Our new process eliminates 99 percent of nitrogen oxide emissions from diesel engines and industrial furnaces. Previous processes have, at best, reduced nitrogen oxide emissions by only 70 percent.
The average house in the area has a radon level of 0.4 pico-curies per liter.Without a general qualifier, the audience is left with the question, How dangerous is 0.4 picocuries? That kind of writing is not only weak, but irresponsible. Revision gives
The average house in the area has a radon level of 0.4 pico-curies per liter, which is considered low by the EPA [Lafavore, 1987]. Levels between 20 and 200 picocuries per liter are considered high, and levels above 200 picocuries per liter are considered dangerous. For reference, the average radon level in outdoor air is about 0.2 picocuries per liter.
The number of particular hydrocarbon combinations in our study is enormous. For example, the number of possible C20H42 is 366,319 and the number of C40H82 is 62,491,178,805,831.What was the purpose of including these two numbers? The chemist wanted to show the extent of his calculations. However, were all those digits necessary? Also, because the second number was so much larger than the first number, was the first number necessary? A more precise paragraph would have been as follows:
The number of hydrocarbon combinations in our study is enormous. For example, the number of possible C40H82 is over 60 trillion.This revision achieves the desired result--showing the extent of the calculations--without making the audience wade through undesired numerals.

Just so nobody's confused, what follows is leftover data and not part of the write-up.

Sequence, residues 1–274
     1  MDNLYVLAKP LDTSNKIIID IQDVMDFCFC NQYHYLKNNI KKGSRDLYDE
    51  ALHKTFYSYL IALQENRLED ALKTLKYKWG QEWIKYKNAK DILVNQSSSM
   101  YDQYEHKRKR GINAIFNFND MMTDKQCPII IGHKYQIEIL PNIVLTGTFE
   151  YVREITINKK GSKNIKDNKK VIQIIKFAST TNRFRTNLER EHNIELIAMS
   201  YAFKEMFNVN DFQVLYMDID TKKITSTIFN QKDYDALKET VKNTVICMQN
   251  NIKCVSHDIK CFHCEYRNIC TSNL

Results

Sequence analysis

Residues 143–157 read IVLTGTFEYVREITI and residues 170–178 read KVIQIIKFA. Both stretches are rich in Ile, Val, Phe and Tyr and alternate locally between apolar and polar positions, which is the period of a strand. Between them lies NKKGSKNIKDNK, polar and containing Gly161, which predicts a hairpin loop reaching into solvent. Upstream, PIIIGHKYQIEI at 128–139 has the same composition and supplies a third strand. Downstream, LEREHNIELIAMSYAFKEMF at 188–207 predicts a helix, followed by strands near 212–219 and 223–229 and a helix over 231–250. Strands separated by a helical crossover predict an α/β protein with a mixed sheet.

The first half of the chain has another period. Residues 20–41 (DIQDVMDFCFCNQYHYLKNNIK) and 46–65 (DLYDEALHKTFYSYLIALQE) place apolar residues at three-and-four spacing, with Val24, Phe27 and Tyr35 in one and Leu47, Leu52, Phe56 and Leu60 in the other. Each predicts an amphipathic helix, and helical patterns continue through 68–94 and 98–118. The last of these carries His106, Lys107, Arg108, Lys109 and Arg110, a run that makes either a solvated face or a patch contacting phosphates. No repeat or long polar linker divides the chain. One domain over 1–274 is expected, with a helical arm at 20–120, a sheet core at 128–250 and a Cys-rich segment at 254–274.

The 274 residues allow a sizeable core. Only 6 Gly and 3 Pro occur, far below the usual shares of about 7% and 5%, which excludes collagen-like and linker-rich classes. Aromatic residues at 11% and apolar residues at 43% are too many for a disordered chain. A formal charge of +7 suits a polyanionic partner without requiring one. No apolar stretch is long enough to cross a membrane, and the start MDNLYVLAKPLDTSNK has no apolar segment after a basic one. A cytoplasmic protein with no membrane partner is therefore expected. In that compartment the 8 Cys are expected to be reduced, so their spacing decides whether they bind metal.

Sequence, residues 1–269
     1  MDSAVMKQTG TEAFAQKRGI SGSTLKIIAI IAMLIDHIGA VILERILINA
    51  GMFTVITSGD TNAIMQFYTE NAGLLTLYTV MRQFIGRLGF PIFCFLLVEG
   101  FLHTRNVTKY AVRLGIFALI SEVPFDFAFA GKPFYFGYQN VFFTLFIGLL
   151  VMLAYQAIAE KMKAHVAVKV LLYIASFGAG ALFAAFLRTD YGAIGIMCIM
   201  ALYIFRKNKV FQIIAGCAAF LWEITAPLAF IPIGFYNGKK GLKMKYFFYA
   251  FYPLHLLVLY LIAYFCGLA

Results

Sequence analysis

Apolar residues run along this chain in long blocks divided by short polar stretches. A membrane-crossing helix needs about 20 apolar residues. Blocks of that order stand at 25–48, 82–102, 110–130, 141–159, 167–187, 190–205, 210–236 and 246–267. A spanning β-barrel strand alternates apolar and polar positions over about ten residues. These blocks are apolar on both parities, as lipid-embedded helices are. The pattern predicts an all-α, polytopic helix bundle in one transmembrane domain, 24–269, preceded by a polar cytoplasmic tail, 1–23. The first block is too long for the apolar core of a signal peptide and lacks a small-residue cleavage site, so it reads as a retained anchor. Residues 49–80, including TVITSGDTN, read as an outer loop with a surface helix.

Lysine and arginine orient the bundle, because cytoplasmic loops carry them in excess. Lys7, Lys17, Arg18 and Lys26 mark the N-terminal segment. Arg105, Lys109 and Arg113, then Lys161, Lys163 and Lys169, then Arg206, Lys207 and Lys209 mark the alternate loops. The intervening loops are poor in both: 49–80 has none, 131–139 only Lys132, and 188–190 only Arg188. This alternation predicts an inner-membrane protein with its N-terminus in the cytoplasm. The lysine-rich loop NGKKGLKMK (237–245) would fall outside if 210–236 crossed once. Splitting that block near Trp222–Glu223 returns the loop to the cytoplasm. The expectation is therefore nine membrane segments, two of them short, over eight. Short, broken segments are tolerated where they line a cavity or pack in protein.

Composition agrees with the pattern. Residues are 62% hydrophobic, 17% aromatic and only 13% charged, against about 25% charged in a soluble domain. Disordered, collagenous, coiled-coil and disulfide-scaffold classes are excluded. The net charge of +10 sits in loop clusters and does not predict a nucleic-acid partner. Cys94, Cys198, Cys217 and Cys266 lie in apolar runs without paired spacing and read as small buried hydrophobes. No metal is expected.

Consider another example, this one from a progress report about a solar power plant:
Operations at the plant stopped momentarily because the thermal storage charging system desuperheater attemperator valve was replaced.The name "thermal storage charging system desuper-heater attemperator valve" is a problem. For one thing, when written as a single noun phrase, it is difficult to read. For another thing, the report's readers (plant managers) did not know exactly what this particular valve was. All the readers knew about this valve was that it was in the thermal storage system. For that reason, a more appropriate level of accuracy would have been as follows:
Operations at the plant stopped for 1.5 hours so that a valve in the thermal storage system could be replaced.In this revision, the location of the valve was made less specific, while the time that the plant was down was made more specific. This report's readers cared more about how long the plant was down than about which particular valve was leaking.
A 1-mm diameter, 656-nm beam with uniform intensity across the beam was produced by using a wavelength/polarizer combination to split off part of the 532-nm output from the Nd:YAG laser to pump a second dye laser (Laser-Ray LRL-2, also operated with the DCM dye) with a side-pumped configuration for the final amplifier, and selecting the central portion of the collimated beam with an aperture.There are just too many details in this one sentence. Are all these details necessary? Couldn't the physicist have spread these details over several sentences? Better still, couldn't the physicist have placed the secondary details (such as beam wavelength and manufacturer's name) in an illustration? Scientists and engineers sometimes worry so much about telling readers everything that they end up not informing readers of anything.
The fuel pellets used in inertial confinement fusion are tiny, the size of BBs, but they are potentially the most powerful devices mankind has ever known. If we can compress the fuel in the pellets to a plasma, the fuel's deuterium and tritium atoms can overcome their mutual electrical repulsion and fuse into helium atoms, giving off energy (E = mc2). The power needed to ignite fusion in the pellets is 100 trillion watts; however, the power released from the fusion is one hundred times that much.This paragraph informs; it informs because the scientist selected the most important details about the pellets. Because scientific writing is compressed, you have room for only the most important details. Make them count.
Bennett, A., Literary Taste and How to Form It (London: George H. Doran Publishers, 1909).
LaFavore, M., Radon, the Invisible Threat (Pennsylvania: Rodale Press, 1987).
Last updated 1/99